Private sector forecasts deeper export decline
The slowing world economy, widespread domestic drought and the deadly virus outbreak have prompted the private sector to lower the export forecast to a 1.8% contraction this year.
Sanan Angubolkul, vice-chairman of Thai Chamber of Commerce, said representatives from many trade associations were consulted before the forecast of US$242 billion for export value was decided.
Late last year, Mr Sanan predicted exports would see zero growth at best.
"This year a number of risk factors, particularly the coronavirus outbreak, widespread drought, the world's economic slowdown and the strong baht are slowing exports," he said.
Mr Sanan urged the government and related stakeholders to rein in the country's foreign exchange rate to stay competitive at 32 baht per dollar.
He said the chamber estimates that agricultural exports will drop by 0.9% this year to $40.1 billion, led by rubber, tapioca products and sugar.
Exports of rubber are forecast to drop by 5% to $3.94 billion this year, with tapioca products dipping 15% to $2.22 billion and sugar falling 16.3% to $2.5 billion.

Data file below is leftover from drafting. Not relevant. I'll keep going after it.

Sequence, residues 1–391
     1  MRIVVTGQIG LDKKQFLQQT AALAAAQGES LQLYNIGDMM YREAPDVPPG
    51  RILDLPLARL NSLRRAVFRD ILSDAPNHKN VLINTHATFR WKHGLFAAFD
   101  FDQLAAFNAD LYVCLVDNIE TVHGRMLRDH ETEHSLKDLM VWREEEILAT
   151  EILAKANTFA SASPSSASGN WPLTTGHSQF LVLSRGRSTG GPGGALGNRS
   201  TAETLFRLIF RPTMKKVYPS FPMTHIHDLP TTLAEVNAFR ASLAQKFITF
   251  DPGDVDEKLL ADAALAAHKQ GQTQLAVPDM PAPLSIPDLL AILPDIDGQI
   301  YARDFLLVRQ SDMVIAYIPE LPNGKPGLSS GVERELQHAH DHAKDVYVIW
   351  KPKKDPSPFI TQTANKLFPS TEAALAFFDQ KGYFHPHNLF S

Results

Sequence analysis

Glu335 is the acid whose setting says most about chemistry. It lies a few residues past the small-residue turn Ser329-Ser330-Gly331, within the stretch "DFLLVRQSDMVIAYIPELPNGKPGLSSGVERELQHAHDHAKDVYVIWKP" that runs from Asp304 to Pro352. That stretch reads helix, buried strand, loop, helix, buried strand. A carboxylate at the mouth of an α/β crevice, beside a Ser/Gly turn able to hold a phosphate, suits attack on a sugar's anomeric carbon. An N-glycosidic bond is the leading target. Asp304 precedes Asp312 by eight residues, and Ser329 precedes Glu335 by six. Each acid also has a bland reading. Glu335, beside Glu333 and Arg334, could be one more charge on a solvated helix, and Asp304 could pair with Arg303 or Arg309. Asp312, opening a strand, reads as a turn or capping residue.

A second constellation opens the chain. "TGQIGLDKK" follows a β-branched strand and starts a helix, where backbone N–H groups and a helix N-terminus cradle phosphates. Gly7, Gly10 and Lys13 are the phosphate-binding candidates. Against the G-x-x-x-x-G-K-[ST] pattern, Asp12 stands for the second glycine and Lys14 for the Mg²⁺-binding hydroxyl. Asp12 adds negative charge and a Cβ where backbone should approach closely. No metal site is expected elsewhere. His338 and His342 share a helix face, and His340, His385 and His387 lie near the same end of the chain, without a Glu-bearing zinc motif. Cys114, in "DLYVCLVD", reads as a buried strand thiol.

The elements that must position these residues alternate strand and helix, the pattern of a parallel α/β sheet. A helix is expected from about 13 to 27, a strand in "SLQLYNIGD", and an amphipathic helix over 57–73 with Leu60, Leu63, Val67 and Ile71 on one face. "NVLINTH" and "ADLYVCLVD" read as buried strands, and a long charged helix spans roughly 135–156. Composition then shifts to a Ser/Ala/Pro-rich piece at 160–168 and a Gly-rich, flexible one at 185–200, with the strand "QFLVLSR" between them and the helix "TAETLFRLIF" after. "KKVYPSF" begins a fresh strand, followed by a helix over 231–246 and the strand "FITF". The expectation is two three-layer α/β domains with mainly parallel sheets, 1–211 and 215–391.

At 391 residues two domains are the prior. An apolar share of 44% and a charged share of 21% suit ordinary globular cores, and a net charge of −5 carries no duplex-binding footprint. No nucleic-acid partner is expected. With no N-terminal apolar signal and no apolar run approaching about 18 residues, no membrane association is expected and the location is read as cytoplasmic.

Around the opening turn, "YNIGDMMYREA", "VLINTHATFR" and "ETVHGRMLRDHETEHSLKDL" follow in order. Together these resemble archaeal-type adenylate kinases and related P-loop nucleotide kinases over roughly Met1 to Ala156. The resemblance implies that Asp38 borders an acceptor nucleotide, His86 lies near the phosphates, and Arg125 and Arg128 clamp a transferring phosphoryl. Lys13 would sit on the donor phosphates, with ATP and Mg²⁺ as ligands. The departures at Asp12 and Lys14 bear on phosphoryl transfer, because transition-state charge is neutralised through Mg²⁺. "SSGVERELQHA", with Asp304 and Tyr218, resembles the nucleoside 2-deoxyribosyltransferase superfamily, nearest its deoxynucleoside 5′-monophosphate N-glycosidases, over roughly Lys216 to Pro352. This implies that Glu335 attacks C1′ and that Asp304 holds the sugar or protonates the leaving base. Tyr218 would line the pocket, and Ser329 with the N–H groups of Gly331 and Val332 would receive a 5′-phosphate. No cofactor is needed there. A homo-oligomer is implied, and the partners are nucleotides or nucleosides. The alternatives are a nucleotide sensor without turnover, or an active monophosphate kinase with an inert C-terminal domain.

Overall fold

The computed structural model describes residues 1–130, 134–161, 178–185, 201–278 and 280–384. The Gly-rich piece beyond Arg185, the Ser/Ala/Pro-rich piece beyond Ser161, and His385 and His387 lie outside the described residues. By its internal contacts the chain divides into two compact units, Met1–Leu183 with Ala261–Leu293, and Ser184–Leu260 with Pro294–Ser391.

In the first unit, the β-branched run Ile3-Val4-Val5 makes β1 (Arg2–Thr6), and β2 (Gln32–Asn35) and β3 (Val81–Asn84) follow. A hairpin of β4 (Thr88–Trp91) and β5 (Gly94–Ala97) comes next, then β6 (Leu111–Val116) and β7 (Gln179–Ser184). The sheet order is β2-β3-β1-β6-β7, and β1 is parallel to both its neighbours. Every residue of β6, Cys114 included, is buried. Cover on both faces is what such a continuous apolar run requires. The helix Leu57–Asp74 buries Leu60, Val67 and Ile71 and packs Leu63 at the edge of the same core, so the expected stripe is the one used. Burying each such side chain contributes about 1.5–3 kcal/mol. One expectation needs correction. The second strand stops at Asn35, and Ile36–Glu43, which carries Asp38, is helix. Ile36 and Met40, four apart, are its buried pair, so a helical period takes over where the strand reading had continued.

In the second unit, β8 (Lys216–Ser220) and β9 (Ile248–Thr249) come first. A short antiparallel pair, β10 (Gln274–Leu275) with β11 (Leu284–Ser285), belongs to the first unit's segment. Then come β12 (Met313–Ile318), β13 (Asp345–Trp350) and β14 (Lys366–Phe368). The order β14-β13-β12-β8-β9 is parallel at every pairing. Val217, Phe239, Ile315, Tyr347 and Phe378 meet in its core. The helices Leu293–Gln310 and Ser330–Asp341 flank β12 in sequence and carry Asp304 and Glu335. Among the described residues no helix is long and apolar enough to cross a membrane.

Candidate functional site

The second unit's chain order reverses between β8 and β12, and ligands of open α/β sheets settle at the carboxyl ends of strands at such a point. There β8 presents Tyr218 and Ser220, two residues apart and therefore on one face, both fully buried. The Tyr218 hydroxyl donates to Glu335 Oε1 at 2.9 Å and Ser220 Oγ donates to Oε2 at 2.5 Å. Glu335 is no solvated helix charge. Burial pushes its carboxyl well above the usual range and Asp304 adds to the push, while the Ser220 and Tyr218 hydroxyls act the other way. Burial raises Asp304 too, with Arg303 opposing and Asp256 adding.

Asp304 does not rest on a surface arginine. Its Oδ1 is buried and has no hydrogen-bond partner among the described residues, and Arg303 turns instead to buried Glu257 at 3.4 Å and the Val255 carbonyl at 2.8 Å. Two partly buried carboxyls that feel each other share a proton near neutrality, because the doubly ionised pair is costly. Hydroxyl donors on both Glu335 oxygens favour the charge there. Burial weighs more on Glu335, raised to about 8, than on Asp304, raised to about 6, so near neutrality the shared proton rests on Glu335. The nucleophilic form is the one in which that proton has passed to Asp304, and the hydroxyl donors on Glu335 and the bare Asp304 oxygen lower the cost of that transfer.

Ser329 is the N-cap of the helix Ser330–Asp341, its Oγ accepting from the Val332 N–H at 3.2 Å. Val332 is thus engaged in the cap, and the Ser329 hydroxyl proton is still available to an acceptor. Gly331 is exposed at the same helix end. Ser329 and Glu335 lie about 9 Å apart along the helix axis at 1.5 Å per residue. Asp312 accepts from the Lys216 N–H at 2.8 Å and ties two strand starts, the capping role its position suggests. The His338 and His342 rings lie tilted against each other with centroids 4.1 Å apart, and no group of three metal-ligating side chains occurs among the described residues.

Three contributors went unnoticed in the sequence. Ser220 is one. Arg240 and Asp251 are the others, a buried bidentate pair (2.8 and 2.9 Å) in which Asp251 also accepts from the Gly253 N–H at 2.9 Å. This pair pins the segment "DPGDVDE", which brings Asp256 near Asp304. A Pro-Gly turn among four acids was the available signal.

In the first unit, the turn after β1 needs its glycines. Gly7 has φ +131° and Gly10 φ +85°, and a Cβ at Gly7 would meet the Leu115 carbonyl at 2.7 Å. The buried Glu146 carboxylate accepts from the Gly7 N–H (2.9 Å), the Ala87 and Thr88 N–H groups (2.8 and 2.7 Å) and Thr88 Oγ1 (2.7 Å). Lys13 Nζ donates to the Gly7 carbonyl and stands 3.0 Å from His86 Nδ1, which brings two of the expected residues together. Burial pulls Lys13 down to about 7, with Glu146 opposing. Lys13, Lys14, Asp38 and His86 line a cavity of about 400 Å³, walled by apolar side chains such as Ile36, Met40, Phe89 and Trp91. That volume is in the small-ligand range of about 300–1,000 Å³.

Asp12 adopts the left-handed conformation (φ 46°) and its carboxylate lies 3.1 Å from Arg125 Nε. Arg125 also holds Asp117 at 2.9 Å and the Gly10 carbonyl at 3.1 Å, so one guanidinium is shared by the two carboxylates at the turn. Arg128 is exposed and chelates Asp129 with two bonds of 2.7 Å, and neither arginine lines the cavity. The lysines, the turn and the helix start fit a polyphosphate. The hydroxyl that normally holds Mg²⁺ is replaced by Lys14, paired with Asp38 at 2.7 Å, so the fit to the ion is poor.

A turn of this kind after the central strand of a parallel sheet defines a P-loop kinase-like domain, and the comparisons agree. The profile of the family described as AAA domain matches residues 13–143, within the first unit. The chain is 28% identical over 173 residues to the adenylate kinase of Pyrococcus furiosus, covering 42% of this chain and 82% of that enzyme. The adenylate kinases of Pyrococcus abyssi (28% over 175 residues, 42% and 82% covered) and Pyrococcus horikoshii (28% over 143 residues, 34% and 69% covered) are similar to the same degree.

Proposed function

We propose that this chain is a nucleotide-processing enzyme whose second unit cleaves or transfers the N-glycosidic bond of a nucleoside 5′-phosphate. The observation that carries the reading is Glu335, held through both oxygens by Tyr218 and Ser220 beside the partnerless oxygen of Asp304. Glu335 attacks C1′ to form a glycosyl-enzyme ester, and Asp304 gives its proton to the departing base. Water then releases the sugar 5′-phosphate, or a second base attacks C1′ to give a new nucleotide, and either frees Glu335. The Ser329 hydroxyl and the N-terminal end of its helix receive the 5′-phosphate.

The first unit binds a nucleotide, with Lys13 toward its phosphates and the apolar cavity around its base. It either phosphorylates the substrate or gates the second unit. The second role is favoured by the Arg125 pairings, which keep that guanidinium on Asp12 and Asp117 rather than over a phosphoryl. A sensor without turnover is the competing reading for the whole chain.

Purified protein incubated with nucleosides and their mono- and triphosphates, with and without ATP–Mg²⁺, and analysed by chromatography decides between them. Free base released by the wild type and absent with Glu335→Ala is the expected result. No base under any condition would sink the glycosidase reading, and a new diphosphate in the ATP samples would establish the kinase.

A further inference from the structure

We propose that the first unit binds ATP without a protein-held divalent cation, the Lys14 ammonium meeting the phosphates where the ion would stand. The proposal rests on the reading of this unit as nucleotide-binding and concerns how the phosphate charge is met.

Rice shipments are estimated to increase 0.1% this year to $4.21 billion, with food up 2.6% to reach $23.3 billion.
Industrial exports are projected to drop 2% to $193 billion, particularly for electronics (-1% to $35.3 billion), automobiles and parts (-4% to $33.9 billion), plastic pellets (-6.2% to $12.6 billion), and jewellery and gold (-21.6% to $12.3 billion).
Shipments of electric appliances are forecast to increase by 1.1% to $24.6 billion, with textiles rising 1.5% to $7.02 billion.
Mr Sanan said the main revenue contributors to the country remain in the doldrums, especially automobiles and parts, because of lower demand in the world market and Asia. At the same time, technology changes and ongoing manufacturing base relocation by foreign firms continue to hit electronics and parts.
Thailand's exports last year fell by 2.7% from 2018.
According to a Commerce Ministry report, customs-cleared exports for the whole of 2019 totalled $246 billion, with imports dropping 4.7% to $237 billion, generating a trade surplus of $9.6 billion.
For December, outbound shipments fell for the fifth straight month but improved from a 7.4% plunge in November.